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Researching and Writing a Paper: Writing and Formatting your paper

This guide is about how to start, research, write, and format, a paper.

Just as there are steps to deciding what to write and to preparing to research a paper there are steps to writing a paper.

  1. Open a blank document and format it in the way that your instructor described in the assignment. (If you prefer you can format your paper after you write it, but I have found it easier to format the paper first, write the outline (see next step), and then fill in the outline with sentences and paragraphs.)
    APA Formatting, MLA Formatting.

  2. Write an outline. Your paper is supposed to be a certain number of words or pages long, an outline is how you plan what you are going to write in each part of the paper. Creating an outline for writing your paper is similar to creating an outline for note-taking, the difference is that in a writing outline you are describing the information that needs to be in your paper and how it needs to be organized, in a 'note-taking outline' you are describing the information you found in an article and how it was organized. Similarly with using a mind-map for writing, one describes what was created by someone else, the other describes what you will create - and in what order.
    (One mistake that many new students and new writers make is that they try to cover everything that needs to be in the paper all at once. An outline enables you to be sure that you will cover everything you need to cover, and it enables you to 'tell that story' in a logical and understandable way. Outlines also reduce writing stress because you are focusing on only one part of the paper at a time.)

  3. Fill in the outline. Each section of your outline will become a section of your paper. Depending on how detailed your outline is, when you 'fill in' an outline you are writing between one sentence and several paragraphs that are explaining and analyzing a particularly important idea or fact from one (or some) of the sources you have found - and only those important idea(s) or fact(s) from that source or sources - and then going onto the next section where you write about another subtopic of your paper, and only that subtopic. Explain what the information is (generally the first sentence or paragraph in that section), why it is important for your paper (often the next sentence or paragraph), and how it connects to other information (frequently the last sentence or paragraph in that section).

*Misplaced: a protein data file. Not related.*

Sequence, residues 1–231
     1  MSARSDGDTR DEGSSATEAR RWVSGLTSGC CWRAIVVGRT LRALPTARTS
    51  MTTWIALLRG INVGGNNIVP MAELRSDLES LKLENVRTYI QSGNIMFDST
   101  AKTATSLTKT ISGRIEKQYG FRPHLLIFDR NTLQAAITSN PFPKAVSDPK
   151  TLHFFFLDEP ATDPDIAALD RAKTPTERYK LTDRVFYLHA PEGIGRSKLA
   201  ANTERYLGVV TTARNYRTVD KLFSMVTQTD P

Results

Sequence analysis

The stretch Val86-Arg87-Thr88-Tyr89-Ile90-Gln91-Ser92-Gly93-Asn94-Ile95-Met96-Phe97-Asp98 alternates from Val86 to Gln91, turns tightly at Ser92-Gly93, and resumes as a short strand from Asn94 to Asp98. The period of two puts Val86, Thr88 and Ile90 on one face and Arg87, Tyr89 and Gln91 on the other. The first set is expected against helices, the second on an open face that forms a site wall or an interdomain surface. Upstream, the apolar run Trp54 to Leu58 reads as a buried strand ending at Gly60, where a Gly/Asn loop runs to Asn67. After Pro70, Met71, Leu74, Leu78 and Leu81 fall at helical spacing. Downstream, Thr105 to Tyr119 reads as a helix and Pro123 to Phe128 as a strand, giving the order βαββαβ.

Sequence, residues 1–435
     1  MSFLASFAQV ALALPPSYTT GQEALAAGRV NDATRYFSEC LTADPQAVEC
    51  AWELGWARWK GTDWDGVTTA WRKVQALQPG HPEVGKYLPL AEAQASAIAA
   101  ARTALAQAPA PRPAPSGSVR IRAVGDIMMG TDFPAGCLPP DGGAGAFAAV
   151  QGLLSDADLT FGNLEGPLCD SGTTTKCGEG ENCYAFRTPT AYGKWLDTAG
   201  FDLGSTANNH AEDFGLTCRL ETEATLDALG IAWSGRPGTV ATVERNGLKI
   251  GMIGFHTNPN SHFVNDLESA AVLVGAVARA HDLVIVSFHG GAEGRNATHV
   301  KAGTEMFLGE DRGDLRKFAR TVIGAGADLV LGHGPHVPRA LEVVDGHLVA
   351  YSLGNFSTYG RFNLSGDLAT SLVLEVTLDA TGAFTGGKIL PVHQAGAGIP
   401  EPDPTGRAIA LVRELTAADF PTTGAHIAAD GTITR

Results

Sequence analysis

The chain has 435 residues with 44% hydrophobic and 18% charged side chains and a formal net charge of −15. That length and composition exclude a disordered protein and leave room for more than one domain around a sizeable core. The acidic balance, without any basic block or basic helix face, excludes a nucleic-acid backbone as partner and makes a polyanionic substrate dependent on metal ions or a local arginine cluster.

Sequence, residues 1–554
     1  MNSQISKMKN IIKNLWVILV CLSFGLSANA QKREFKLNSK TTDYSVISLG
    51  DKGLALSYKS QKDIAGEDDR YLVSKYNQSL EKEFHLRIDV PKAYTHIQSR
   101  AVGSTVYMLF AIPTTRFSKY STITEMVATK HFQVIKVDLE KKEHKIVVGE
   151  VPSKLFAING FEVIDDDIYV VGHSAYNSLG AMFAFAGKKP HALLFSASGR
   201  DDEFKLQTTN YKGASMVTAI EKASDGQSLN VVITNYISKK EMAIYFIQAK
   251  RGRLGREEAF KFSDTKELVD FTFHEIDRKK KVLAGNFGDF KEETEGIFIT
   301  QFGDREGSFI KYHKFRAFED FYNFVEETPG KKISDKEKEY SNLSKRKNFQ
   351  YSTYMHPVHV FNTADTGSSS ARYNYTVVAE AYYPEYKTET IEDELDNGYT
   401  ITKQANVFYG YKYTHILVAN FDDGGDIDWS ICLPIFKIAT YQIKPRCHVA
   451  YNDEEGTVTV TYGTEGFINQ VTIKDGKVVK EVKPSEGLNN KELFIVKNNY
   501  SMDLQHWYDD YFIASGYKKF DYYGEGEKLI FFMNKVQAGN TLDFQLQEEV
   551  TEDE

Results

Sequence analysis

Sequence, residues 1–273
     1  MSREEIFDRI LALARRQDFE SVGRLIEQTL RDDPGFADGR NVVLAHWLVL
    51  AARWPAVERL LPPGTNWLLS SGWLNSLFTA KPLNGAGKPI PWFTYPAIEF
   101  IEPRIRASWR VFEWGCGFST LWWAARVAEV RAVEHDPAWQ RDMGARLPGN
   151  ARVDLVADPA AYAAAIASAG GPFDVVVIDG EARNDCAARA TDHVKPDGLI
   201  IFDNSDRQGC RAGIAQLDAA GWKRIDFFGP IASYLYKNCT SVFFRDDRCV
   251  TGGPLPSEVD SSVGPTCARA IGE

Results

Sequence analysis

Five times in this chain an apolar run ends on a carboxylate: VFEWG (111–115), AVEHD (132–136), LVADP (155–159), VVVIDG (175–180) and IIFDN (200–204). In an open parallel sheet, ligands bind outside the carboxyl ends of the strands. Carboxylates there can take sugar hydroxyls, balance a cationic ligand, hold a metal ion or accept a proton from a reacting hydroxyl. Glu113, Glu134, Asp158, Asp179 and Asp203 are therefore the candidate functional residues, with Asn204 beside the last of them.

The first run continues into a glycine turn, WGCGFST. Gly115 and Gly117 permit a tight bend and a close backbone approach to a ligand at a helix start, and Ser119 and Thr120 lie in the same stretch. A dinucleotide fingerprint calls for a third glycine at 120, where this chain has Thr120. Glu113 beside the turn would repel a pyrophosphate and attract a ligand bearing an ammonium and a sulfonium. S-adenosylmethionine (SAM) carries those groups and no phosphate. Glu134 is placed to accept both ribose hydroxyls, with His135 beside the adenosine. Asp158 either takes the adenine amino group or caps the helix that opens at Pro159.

Note: Sometimes one sentence or paragraph for explaining, another for importance, and another for connections is enough, sometimes two sentences or paragraphs are needed, and so on. How long each section is depends on how much information you need to explain and analyze. [The 'suggested length' or 'minimum length' in your assignment description tells you how much detail and context you need to provide. A ten page paper often contains twice as much information and discussion as a five page paper, but a ten page paper might be easier to write because you can tell your reader more about the facts and ideas you found in your research.]

  4. Check the details. Is the format of your paper correct? Do the sentences and paragraphs cover what they need to cover? Did you say everything that you wanted/needed to say? Is your spelling, punctuation, and grammar, correct? Are your citations correct? Eat a healthy meal and get a good night's sleep, then reread the paper the next day when you are well-rested. If you have read your assignment twice or more, read most of this LibGuide, thought about what is written here, and used that information to write your paper the way that you think you should there is a good chance that you will be happy, even proud, with the paper that you hand in.